The Jeremy Kyle Show has been axed by ITV after the death of a guest who took part in the programme.
Steven Dymond was found dead on 9 May a week after filming the show, during which he took a lie detector test.
Carolyn McCall, ITV’s CEO, said: “Given the gravity of recent events we have decided to end production of The Jeremy Kyle Show.”
ITV had initially suspended filming, and the prime minister’s spokesman called the death “deeply concerning”.
ITV’s statement in full:
“Given the gravity of recent events we have decided to end production of The Jeremy Kyle Show,” McCall said.
“The Jeremy Kyle Show has had a loyal audience and has been made by a dedicated production team for 14 years, but now is the right time for the show to end.
“Everyone at ITV’s thoughts and sympathies are with the family and friends of Steve Dymond.”
The broadcaster added: “The previously announced review of the episode of the show is under way and will continue.
“ITV will continue to work with Jeremy Kyle on other projects.”
The pre-recorded episode Mr Dymond took part in was based on the subject of infidelity.
A member of the audience who was at the recording told BBC News that Mr Dymond “collapsed to the ground” and was “sobbing” when he failed the lie detector test.
Lie detectors were a regular fixture on the programme, which often featured disputes between partners and family members.
Critics said it put vulnerable people, often with issues of addiction and mental health, on a public platform – bringing them a level of exposure they may not have expected.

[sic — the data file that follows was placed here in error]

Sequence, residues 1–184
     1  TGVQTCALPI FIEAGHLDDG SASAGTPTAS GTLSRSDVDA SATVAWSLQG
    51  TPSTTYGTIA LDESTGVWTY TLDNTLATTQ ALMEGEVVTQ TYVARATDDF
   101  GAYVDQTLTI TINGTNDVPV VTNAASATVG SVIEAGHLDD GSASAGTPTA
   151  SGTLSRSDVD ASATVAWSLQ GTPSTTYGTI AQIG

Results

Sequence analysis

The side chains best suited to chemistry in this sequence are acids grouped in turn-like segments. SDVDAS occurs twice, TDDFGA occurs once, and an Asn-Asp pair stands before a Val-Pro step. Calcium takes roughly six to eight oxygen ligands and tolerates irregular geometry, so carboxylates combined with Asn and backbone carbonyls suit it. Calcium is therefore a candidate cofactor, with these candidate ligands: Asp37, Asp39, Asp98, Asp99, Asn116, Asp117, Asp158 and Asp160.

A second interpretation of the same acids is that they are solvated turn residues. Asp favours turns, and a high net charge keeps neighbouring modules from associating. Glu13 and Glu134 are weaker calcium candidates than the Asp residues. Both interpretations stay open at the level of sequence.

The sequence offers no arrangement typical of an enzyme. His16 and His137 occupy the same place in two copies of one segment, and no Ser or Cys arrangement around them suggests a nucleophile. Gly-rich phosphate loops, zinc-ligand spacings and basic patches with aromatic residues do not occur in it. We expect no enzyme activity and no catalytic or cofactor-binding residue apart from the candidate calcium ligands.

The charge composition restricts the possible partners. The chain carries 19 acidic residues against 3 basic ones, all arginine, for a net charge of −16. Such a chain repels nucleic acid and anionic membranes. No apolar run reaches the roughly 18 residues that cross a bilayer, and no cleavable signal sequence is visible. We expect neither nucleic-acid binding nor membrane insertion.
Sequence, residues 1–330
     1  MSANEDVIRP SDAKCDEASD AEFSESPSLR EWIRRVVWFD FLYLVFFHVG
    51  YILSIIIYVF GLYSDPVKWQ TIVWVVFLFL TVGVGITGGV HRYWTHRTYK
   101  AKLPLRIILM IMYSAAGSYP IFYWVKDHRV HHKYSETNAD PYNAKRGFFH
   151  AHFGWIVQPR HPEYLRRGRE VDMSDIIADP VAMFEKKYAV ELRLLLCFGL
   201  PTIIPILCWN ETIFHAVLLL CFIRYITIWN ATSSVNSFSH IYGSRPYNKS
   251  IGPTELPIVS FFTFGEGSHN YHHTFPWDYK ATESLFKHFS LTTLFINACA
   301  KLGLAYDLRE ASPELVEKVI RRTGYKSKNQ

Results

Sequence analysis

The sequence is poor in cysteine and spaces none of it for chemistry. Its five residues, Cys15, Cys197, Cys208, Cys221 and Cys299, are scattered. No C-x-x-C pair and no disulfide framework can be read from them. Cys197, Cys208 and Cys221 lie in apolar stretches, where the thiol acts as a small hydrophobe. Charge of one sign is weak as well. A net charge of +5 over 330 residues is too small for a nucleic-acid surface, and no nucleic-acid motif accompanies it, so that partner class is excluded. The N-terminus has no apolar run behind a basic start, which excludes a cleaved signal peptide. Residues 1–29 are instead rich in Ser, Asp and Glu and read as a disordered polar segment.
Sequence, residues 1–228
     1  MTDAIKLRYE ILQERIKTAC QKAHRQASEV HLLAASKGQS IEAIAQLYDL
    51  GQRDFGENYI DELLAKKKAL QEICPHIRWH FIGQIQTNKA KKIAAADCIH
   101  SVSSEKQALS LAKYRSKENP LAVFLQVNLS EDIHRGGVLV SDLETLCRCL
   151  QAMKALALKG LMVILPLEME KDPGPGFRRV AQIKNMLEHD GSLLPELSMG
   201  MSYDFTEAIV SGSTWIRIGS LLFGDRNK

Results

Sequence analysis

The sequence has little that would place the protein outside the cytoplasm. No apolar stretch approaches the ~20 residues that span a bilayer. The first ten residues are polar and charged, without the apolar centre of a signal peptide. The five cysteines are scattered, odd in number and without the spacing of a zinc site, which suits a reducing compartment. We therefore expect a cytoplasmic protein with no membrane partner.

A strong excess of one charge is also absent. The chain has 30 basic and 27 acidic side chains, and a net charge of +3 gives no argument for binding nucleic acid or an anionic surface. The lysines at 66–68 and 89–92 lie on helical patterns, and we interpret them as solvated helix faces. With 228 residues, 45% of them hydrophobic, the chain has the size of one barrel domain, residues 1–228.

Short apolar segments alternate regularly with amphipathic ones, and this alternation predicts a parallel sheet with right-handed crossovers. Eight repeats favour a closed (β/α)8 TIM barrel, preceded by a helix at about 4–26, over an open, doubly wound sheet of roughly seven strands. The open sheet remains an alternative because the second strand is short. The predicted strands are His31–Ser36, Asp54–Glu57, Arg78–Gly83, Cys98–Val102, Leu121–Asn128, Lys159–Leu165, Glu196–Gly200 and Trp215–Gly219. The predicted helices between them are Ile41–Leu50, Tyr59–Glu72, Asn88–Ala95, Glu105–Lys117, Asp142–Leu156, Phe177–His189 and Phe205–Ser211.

The Jeremy Kyle Show, was the most popular programme in ITV’s daytime schedule, with an average of one million viewers and a 22% audience share.
More than 3,000 episodes of it have been broadcast across its 14 years on the air.
On Tuesday, Charles Walker MP, a member of the all-party parliamentary group on suicide and self-harm prevention, told BBC News that Mr Dymond’s death was a “watershed moment”.
He said: “Societally, we have a responsibility for why this TV is made, it’s a reflection of ourselves that it has been made and so many people watch it.
“It’s cruel and there’s enough cruelty in the world without showing it on TV.”
Also on Tuesday, Sir Simon Wessely, who was president of the Royal College of Psychiatrists until 2017, described the show as “the theatre of cruelty”.
After Mr Dymond’s death, ITV suspended filming and took all planned episodes off the air, adding that the episode featuring Mr Dymond would never be screened.
All previous episodes have been taken down from the channel’s catch-up service, ITV Hub. Episodes will not air on ITV2 either.
A spokeswoman for Portsmouth coroner’s office said an inquest into Mr Dymond’s death would be likely to be opened within the next few days, following the result of the post-mortem investigation.